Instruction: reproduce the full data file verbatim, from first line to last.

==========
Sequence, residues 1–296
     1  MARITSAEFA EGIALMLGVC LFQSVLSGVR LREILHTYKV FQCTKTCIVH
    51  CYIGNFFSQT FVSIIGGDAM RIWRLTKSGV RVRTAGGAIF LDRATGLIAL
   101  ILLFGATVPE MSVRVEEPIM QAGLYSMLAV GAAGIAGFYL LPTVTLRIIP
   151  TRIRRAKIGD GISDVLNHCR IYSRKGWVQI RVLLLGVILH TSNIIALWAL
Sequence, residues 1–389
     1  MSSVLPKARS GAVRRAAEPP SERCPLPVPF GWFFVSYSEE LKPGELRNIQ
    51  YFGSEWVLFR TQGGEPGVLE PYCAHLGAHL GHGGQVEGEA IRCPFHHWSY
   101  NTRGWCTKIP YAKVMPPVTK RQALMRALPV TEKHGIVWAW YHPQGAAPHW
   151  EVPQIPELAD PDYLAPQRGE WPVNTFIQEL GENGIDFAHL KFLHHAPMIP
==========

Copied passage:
Sequence, residues 1–296
     1  MARITSAEFA EGIALMLGVC LFQSVLSGVR LREILHTYKV FQCTKTCIVH
    51  CYIGNFFSQT FVSIIGGDAM RIWRLTKSGV RVRTAGGAIF LDRATGLIAL
   101  ILLFGATVPE MSVRVEEPIM QAGLYSMLAV GAAGIAGFYL LPTVTLRIIP
   151  TRIRRAKIGD GISDVLNHCR IYSRKGWVQI RVLLLGVILH TSNIIALWAL
Sequence, residues 1–389
     1  MSSVLPKARS GAVRRAAEPP SERCPLPVPF GWFFVSYSEE LKPGELRNIQ
    51  YFGSEWVLFR TQGGEPGVLE PYCAHLGAHL GHGGQVEGEA IRCPFHHWSY
   101  NTRGWCTKIP YAKVMPPVTK RQALMRALPV TEKHGIVWAW YHPQGAAPHW
   151  EVPQIPELAD PDYLAPQRGE WPVNTFIQEL GENGIDFAHL KFLHHAPMIP